34. Be aware of Government and 501(c)(3) job openings as a backup employment plan:As I mentioned earlier, the Public Service Loan Forgiveness employment certification form explicitly lists all 501(c)(3) organizations and local, state, and federal government employers as qualifying for PSLF.
    Based on current PSLF lawsuits, I would only work at a 501(c)(3) or government employer.Click To Tweet If you’re working at a not-for-profit employer that’s not the government or a 501(c)(3), keep track of possible job openings in case FedLoan Servicing pulls the rug out from under you and voids your progress towards PSLF.
  35. The average borrower doesn’t need to worry about lawsuits over PSLF:The media loves to blow things out of proportion. That’s exactly what happened in my view over the latest string of PSLF lawsuits. Pay attention to the policy that matters, like whether current borrowers will be grandfathered in or if the government will impose a means-test on the PSLF benefit. Follow the tips in this article.  If you do, worry a lot less about what the media says.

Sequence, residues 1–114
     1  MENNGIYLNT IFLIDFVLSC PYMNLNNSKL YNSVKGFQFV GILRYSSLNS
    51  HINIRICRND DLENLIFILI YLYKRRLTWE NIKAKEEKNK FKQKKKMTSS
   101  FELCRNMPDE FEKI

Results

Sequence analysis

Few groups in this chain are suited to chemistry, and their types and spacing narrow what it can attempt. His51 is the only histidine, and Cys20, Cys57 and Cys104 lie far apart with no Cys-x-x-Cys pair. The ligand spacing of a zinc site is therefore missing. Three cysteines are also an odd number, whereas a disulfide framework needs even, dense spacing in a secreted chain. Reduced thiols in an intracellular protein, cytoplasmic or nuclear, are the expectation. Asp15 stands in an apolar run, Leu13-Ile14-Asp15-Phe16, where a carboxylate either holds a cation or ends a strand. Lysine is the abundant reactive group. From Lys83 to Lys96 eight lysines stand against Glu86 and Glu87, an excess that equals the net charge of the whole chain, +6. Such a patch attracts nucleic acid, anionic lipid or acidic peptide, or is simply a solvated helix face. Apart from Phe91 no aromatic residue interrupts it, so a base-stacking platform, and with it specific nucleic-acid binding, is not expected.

Be Aware of Conflicts of Interest in the Student Loan Industry

  36. FedLoan Servicing probably wants to hang up on you, not help:The federal government gave FedLoan Servicing the exclusive rights to manage PSLF borrower accounts, so they have no incentive to help you. Put yourselves in the shoes of their executives. They earn a flat fee with no penalty for poor performance and no bonus for great customer service. Hence, FedLoan wants to keep staffing costs down at their call center. Hence, short phone calls mean lower costs and more profit. Don’t ever let a rep from a student loan servicer rush you off the phone. Furthermore, if someone gives you odd information, call back. Speak to as many reps as you need to until you find one that sounds competent.